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HomeLiverCirrhosisTop 11 Myths and Facts Associated With Fatty Liver Disease That You...

Top 11 Myths and Facts Associated With Fatty Liver Disease That You Should Know

Fatty liver is a condition (grades 1, 2 & 3) that has several common myths including its causes, symptoms, and treatment. The role of the liver is to produce bile juice to digest fat and filter the toxins from the body. It helps in maintaining a healthy blood sugar level and performs other vital functions too. But sometimes, medical misinformation and incomplete information give rise to medical myths. The continuous circulation of these myths related to one’s health can cause severe harm to the patient, resulting in worsening the condition even more. Fatty liver is one of the severe conditions that need immediate attention and also more awareness related to the myths out there.

People of any weight can get fatty liver disease and enlargement of the liver (hepatomegaly) even if they do not have any other underlying health problems. Fatty liver can come from living an unhealthy lifestyle; not eating the right foods or exercising regularly.

What is the root cause of fatty liver disease and complications?

The most common cause of fatty liver disease is the accumulation of extra fat in the liver. Eating excess calories from a fatty diet causes fat to build up in the liver. When the liver does not process and break down fats as it normally should, too much fat will accumulate. The nutritional causes of fatty liver disease are starvation and protein malnutrition. People tend to develop fatty liver due to certain conditions which are obesity, type 2 diabetes, insulin resistance, increase in lipid/cholesterol in the blood, high blood pressure, genetic factors, and some drugs and chemicals. In addition to these metabolic risk factors, age, sex, and ethnicity can also have a major influence on the risk of fatty liver.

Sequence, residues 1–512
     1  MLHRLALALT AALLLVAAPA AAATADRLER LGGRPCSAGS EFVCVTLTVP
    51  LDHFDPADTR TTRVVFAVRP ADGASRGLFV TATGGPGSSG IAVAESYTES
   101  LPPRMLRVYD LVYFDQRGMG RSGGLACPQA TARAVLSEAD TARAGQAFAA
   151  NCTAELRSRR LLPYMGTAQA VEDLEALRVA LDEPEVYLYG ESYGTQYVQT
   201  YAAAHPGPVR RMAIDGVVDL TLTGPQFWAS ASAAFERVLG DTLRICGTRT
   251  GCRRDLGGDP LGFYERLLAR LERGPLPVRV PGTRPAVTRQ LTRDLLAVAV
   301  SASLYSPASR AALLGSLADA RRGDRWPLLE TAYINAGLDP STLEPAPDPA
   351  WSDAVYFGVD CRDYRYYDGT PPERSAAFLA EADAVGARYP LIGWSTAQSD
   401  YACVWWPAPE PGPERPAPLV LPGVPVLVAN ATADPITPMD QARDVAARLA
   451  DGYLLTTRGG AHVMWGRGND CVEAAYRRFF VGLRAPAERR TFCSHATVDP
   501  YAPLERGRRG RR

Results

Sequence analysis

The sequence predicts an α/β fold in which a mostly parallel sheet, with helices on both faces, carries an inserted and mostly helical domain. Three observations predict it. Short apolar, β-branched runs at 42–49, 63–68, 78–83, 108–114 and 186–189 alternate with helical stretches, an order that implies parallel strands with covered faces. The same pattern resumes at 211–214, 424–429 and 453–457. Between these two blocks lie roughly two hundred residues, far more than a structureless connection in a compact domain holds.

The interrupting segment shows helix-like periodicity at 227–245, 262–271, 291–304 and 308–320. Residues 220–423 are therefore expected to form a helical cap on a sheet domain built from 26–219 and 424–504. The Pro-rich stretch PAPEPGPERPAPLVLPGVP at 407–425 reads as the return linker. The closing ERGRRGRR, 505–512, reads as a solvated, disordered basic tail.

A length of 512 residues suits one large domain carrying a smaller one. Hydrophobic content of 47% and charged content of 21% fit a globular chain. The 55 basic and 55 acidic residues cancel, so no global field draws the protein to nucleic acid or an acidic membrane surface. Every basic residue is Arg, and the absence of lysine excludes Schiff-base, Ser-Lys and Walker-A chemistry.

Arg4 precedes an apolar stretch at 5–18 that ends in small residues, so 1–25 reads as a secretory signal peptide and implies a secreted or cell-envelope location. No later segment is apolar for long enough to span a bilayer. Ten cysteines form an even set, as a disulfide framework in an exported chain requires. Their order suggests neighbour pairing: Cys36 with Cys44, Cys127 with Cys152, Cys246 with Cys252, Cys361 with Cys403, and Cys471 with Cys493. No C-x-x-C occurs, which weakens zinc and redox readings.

Also Read: Why Cholesterol Matters: Its Important Role in Maintaining Our Health

Myths and Facts

 1: Fatty liver isn’t dangerous

Many people with fatty liver don’t even know they have the condition. Sometimes, it causes no problems at all. But that doesn’t mean we should ignore it. Why? This is because a build-up of fat damages your liver cells and causes inflammation. While a healthy liver contains small amounts of fat, a build-up of fat amounting to more than anything over 5% of your liver’s weight can lead to fatty liver disease.

The liver is the only organ in your body that can regenerate itself by replacing old, damaged cells with new ones. As your liver struggles to get rid of the fat, scar tissue builds up, making it difficult for your liver to transport nutrients around the body and increasing pressure in the surrounding veins. In time, fatty liver can increase your risk of more serious conditions including cirrhosis (scarring of the liver), liver disease, and liver cancer.

2: Alcohol is the main cause of fatty liver

Anybody can develop fatty liver. One can be born with liver disease, contract it from a virus, develop it from what you eat and drink, be exposed to various toxins, or suffer from it for unknown reasons. Alcohol only causes one out of more than 100 different types of liver disease. There are several factors that contribute to fatty liver, and excessive alcohol consumption is only one of them. Whether you feel dependent on alcohol or not, drinking anything over the recommended ‘safe limit’ may put the body at risk of fatty liver. 

Apart from alcohol, non-alcoholic fatty liver sometimes develops when the liver naturally struggles to break down fats, which can lead to non-alcoholic steatohepatitis (NASH), or swelling/enlargement of the liver in which inflammation of the liver (hepatitis) and liver cell damage is present in addition to fat in the liver. People are more likely to have NASH if they have one or more conditions like obesity, high blood pressure, high levels of triglycerides or abnormal levels of cholesterol in the blood and type 2 diabetes, unhealthy diet (high fat, high sugar), medications, thyroid disorder and sometimes genetic.

 3: Drinking hard liquor is worse than drinking beer or wine

Contrary to popular belief, the type of alcohol you drink doesn’t make a difference – what matters is how much you drink.